Then the crowd, almost all of them strong young men who had themselves done their stint in the Soviet Army, produced its own mediators: men who jumped into the well of the road, who held out their empty hands to the soldiers, lifted them up to the noisy crowd on the bridge and the parapets of the slip roads and parlayed with them for peace. Many in the crowd wanted revenge, but the peacemakers were in control. On the pavements, Molotov cocktails, made with petrol taken from the hijacked petrol trucks, were smashed. I saw one young man hector another, jabbing him in the shoulder to make his point, as he ripped the Molotovs out of his hands and threw them to the ground. The would-be firebrand argued at first, then hung his head. After a while, some deputies came, and within minutes worked out a deal by which they would sit on the turrets of the tanks as hostages for their safe passage out of the trap. Their commander meanwhile declared himself for Yeltsin and, as the announcement was made, a great cheer went up.

The three young men who died – Dmitri Komar, a 23-year-old fork-lift truck driver and twice-decorated Afghan war veteran; Ilya Krichevsky, a 28-year-old architect; and Vladimir Usov, a 37-year-old accountant have been made into heroes and martyrs. The spot where they died, though it is on one of the busiest roads in Moscow, remains blocked off, with the line of trolley-buses still parked across the road as it rises out of the tunnel. Anyone who points out the truth, that they died needlessly, foolishly, is reviled. But they did.

Trying to get to a briefing with Alexander Yakovlev the next day, I found my car diverted from the central area and ended up in a jam near Dzerzhinsky Square. Crowds were streaming past, dancing with excitement. Leaving the car, I followed them. As I came round the corner of the Lubyanka itself, I found them trying to pull Dzerzhinsky down. The sight made me laugh out loud. A few minutes before, the crowd whose idea it had been – they were the same tough young men whom I had seen the previous night outside the Russian Parliament – had commandeered some wire cable from a passing truck. A couple of lads shinned up the huge monument to loop the wire round the first of the Soviet Union’s mass murderers. That done, two teams began tugging. At the first convulsive heave, the iron man – he was famously known as Iron Felix – trembled slightly, but did not bend. It became obvious that more than brute force would be required – disappointingly, since the sight of these two teams of men toppling the statue would have been fine.

A touch of farce crept in as the men tried to hook the wire rope into the back of a little bus: it kept slipping and in the end nearly ripped the back axle off. A large crane was brought, but it was judged too clumsy. Sergei Stankevich, former Deputy Mayor of Moscow and now a Russian Minister, drove up with a loudhailer to tell the crowd that the Russian Parliament had voted to destroy the statue and that it would be gone in two days’ time. ‘Now, now!’ yelled the crowd. But we need specialists, said Stankevich. ‘Get them!’ roared the crowd.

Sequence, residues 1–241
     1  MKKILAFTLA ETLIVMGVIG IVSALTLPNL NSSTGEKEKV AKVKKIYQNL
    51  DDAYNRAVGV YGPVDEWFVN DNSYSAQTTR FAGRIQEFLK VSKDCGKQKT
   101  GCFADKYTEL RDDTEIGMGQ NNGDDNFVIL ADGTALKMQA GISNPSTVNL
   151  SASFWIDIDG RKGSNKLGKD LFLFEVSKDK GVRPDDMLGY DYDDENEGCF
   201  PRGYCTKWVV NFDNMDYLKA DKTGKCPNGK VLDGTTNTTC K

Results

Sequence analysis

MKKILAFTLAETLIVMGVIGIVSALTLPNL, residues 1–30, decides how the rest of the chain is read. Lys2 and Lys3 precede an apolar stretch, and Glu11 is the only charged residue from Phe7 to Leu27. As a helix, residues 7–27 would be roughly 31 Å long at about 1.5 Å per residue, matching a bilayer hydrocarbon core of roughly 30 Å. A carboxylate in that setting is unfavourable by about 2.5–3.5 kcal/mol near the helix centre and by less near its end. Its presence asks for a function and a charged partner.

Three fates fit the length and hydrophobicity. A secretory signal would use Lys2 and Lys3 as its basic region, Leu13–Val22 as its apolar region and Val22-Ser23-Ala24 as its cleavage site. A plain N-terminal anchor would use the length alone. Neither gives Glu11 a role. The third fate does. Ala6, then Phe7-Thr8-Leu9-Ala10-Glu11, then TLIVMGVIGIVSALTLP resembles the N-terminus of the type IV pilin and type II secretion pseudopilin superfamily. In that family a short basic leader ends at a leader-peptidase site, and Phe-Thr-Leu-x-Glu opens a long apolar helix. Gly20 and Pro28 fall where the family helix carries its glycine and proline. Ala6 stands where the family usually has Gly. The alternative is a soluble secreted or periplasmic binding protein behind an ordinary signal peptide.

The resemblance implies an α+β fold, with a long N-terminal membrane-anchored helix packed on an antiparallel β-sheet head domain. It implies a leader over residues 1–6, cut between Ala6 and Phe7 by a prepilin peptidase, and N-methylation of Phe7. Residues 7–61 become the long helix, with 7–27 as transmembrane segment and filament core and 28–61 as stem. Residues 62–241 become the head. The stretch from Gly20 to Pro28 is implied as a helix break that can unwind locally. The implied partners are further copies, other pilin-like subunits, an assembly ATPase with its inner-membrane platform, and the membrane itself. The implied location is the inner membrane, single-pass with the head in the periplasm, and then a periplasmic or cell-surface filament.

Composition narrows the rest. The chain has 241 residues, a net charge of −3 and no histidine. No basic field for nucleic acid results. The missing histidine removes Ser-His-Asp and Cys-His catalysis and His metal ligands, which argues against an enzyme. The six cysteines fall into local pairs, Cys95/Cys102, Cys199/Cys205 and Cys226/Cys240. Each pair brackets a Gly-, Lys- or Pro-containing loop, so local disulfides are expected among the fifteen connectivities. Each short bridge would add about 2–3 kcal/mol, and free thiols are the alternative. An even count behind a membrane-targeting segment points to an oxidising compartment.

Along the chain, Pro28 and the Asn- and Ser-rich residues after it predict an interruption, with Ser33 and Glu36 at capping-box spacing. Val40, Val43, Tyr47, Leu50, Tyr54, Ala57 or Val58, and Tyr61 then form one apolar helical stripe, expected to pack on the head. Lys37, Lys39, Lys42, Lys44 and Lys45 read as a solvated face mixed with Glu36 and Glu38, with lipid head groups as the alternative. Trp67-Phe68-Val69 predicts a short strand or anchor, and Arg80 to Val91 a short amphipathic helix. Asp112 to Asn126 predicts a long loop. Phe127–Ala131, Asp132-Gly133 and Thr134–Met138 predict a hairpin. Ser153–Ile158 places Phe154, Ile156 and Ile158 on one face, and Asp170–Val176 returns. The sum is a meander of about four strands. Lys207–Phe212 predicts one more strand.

Later that night, they found a specialist: a woman who had been part of the statue’s design team – it was erected in the mid-Fifties. She told the impatient crowd that the iron monster was supported by four bronze columns and that cutting and lifting equipment would be needed to get it off. Under the pressure of the crowd, both were found; and by ten o’clock two huge Krupp cranes nodded over Iron Felix.

Just before midnight, the bronze columns were cut away and the German cranes lifted the statue of the Polish secret policeman off its plinth and down to the roaring Russians. It lay, on its front, in the square, as if prostrating itself before the Lubyanka, where now not a light was to be seen. As before, the more responsible members of the crowd linked arms to keep the people back as the statue was lifted onto a lorry and slowly driven off. It was a wonderful sight – in some ways even better than the other wonderful sights, in Wenceslas Square or at the Brandenburg Gate. That this monument to the man who created the institution which destroyed the lives of millions of people should be the first to go was a tribute to the sense and feelings of the crowd.

The sheer happiness of these days has not lasted: the empire is breaking up and the talk now is of civil war as Russia threatens border disputes with those states which take their independence. The winter will be hard. The chances of a rational politics, which can consider how much a centre is needed and what powers it should be given, are small.

The August Putsch knocked sideways the tottering supports of top-down perestroika. From now on, the republics are on their own and the people too. At no time, not even when tanks were parked outside my block of flats, did I feel that I would be in danger. And at no time did I feel that the crowd would become a mob. The coup, and the response to it, have so far been very civilised affairs: the brutality may come later.